Former Princeton Township Mayor Chad Goerner
10:30 – 11:30 a.m. Elected Officials Discuss their Experiences with Consolidation
Senator Bob Gordon – NJ District 38
Assemblyman Jack Ciattarelli – NJ District 16
Freeholder Rob Walton – Hunterdon County
Mayor Paul Fernicola – Loch Arbour
11:30am – 12:30pm Benefits of Police and Fire Consolidation
President and CEO of Public Safety Solutions, Les Adams
Princeton Police Captain Nicholas Sutter
Princeton Police Lieutenant Christopher Morgan

NIZ News Is Good News

As Envision Lehigh Valley is asking the question “What will the Lehigh Valley be like in 5 years, 10 years, 20 years,” the state budget was passed late Saturday night with language that seemingly wipes away the need for 18 Lehigh Valley municipalities to continue lawsuits against the city of Allentown.  Pennsylvania legislators made municipalities whole again, returning to them their earned income tax revenue that a 2009 Neighborhood Improvement Zone (NIZ) Act allowed the city of Allentown to keep in order to fund a new hockey arena.

For the second time in as many years, Governor Corbett signed a state budget on time and with no new taxes. This budget has some significant legislation attached, including amendments to the tax code for businesses that donate to private schools, amendments to the state’s welfare and school codes, and funding for the four state universities. Perhaps the most significant amendment for Lehigh Valley residents, however, is the change to the state’s fiscal code which prevents the city of Allentown from using earned income taxes from the suburbs to help fund the building of the hockey arena proposed for the area at Seventh and Hamilton Streets in the city.

Author of the original NIZ Act in 2009, State Senator Pat Browne saw this as an opportunity for the whole region to get behind a project that would surely stimulate not only the economy in Allentown but in the outlying municipalities as well. This opinion was not shared by many of the local governmental bodies in the Lehigh Valley, leading to lawsuits from 18 municipalities and one school district protesting the use of their earned income tax revenue to fund the hockey arena and the surrounding shops, hotel, and office space.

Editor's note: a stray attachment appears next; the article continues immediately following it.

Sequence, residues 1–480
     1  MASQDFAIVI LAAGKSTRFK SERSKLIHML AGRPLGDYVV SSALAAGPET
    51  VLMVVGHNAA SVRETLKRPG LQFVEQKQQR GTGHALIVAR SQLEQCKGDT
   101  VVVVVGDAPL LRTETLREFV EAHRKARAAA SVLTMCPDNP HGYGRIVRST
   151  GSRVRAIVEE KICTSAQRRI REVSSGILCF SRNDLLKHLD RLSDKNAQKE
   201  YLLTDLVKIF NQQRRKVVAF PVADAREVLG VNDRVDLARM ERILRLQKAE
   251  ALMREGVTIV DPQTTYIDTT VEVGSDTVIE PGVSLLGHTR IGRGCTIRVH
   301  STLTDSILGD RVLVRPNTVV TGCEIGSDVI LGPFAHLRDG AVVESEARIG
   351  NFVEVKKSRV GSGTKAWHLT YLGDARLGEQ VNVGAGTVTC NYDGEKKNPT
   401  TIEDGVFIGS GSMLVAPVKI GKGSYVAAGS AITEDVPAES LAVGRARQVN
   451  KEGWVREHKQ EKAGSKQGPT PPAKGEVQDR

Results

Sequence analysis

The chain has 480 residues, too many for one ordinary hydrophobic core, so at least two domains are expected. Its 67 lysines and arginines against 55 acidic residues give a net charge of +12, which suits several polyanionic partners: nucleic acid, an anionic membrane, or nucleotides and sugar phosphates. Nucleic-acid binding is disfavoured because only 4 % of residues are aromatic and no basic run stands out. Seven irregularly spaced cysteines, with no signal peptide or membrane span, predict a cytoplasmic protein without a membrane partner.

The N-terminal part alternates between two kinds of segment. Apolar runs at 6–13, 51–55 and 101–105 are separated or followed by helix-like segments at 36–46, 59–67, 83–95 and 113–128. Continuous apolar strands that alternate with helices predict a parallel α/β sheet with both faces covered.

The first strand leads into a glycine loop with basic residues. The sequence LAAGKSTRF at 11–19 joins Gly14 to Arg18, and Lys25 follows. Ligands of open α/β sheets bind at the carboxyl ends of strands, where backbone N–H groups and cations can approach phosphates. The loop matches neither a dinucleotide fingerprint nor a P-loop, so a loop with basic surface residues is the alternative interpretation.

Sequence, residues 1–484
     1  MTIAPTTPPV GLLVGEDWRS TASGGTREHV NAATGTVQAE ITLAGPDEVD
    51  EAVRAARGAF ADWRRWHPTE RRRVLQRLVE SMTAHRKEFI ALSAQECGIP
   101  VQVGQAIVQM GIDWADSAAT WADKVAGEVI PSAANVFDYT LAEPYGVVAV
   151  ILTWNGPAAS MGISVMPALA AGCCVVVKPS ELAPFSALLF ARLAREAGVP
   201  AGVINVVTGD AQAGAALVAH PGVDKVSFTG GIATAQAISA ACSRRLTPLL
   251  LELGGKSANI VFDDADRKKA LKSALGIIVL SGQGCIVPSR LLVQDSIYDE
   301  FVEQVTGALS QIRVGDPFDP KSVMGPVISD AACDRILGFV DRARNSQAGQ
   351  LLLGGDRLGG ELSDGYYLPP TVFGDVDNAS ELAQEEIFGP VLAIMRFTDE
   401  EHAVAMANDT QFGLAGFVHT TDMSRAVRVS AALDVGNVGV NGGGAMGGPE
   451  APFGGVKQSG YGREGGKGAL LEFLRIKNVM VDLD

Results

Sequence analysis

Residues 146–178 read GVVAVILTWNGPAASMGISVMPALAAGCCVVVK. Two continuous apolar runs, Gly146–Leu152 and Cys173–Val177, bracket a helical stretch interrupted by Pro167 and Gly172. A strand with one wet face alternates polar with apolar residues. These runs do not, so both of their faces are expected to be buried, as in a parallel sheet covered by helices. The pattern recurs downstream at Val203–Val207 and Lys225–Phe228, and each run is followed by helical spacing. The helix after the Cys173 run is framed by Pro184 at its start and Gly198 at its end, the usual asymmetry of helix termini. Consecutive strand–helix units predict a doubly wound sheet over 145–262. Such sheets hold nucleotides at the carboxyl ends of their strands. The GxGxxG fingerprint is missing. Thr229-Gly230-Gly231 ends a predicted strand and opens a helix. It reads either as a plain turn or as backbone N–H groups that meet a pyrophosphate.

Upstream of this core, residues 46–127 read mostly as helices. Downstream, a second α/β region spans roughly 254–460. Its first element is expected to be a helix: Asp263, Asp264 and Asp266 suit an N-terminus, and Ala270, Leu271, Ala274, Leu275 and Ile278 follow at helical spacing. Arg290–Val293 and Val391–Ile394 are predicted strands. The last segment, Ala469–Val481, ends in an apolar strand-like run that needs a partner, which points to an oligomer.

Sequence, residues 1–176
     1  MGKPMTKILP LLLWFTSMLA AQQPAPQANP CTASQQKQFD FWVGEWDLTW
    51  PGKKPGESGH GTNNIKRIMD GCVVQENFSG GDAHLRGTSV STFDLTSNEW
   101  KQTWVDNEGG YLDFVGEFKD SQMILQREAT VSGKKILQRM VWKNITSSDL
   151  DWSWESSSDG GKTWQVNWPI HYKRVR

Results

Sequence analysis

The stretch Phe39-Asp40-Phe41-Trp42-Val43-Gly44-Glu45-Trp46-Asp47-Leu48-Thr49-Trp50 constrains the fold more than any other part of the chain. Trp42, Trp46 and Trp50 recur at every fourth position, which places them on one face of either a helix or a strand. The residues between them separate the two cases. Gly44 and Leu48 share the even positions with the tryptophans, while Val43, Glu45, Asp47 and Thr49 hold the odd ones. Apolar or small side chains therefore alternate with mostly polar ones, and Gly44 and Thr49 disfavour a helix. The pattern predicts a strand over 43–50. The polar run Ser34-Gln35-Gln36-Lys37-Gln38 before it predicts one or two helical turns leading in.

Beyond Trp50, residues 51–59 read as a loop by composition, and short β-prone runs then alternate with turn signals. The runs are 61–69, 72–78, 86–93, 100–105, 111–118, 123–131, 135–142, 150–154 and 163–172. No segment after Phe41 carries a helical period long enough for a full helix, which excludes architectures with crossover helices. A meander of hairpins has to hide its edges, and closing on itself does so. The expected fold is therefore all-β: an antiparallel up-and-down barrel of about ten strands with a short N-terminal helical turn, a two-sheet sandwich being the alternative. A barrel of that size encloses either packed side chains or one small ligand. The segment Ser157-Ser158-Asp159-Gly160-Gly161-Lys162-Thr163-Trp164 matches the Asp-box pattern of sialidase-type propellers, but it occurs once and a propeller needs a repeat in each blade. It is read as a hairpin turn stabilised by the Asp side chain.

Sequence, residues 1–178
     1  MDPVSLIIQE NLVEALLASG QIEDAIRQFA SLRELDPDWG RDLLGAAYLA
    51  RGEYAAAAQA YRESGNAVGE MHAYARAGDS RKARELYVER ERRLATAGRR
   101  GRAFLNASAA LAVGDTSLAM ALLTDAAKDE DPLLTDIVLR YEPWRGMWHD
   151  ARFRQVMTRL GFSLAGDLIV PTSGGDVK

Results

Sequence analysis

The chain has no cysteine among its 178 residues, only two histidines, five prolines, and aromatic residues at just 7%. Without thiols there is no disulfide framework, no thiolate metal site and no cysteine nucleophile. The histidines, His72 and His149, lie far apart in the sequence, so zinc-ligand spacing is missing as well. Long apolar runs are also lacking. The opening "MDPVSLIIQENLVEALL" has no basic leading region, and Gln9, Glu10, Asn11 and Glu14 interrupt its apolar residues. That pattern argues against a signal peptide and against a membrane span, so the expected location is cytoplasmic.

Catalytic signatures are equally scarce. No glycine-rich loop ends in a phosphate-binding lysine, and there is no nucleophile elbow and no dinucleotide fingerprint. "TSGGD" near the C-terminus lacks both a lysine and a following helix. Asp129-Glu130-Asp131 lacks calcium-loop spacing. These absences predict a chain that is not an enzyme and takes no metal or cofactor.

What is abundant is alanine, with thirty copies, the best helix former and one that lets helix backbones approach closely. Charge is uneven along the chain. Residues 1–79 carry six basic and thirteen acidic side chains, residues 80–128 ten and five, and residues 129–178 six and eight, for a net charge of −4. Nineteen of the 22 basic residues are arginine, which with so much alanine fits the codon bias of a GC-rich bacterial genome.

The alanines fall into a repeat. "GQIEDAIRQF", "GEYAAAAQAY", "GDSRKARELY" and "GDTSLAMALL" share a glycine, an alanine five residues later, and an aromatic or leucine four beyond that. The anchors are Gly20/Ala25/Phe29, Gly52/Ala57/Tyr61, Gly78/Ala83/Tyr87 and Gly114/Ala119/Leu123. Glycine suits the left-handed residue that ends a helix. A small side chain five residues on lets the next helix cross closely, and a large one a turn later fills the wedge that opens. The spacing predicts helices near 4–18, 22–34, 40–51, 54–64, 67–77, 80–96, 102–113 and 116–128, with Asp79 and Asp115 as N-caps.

In an effort to keep the project moving forward and spur the economic development of Allentown, which presumably would lead to a better Lehigh Valley in general, Browne sponsored the amendment to the fiscal code so that the nearly $2 million that was to come from earned income tax collections from those who work in the 130-acre NIZ area but live outside the city would now stay in the municipalities. When asked about the NIZ funding, State Representative Joe Emrick said, “We have effectively fixed that problem with this budget…” and that is “one of the reasons it has my full support.” It seems likely now that the lawsuits will be dropped, if indeed all of the money already collected is returned to the appropriate municipalities and no further money is withheld.

Is this the spark that the communities needed to get back to the regional thinking that is necessary for a progressive Lehigh Valley to continue to be economically competitive statewide and even across the nation? With extremely limited resources at the local government level and municipalities forced to cut services to their residents or raise taxes to continue them, now is the time to consider these regional ideas as good for the Valley as a whole. Let’s work together and remove some of the costly barriers in order to make the Lehigh Valley more efficient and competitive.

Neighboring New Jersey Preserving Land Through Compact Growth

Our neighbors in New Jersey have implemented a new way to hem in urban sprawl using new municipal ordinances.  Noncontiguous clustering is an innovative tool “that preserves farmland and open space with private funds by an alternative to conventional subdivisions; instead of building homes on large lots, a developer may use the developmental potential of a parcel or parcels where preservation is desired on a different, nonadjacent property.”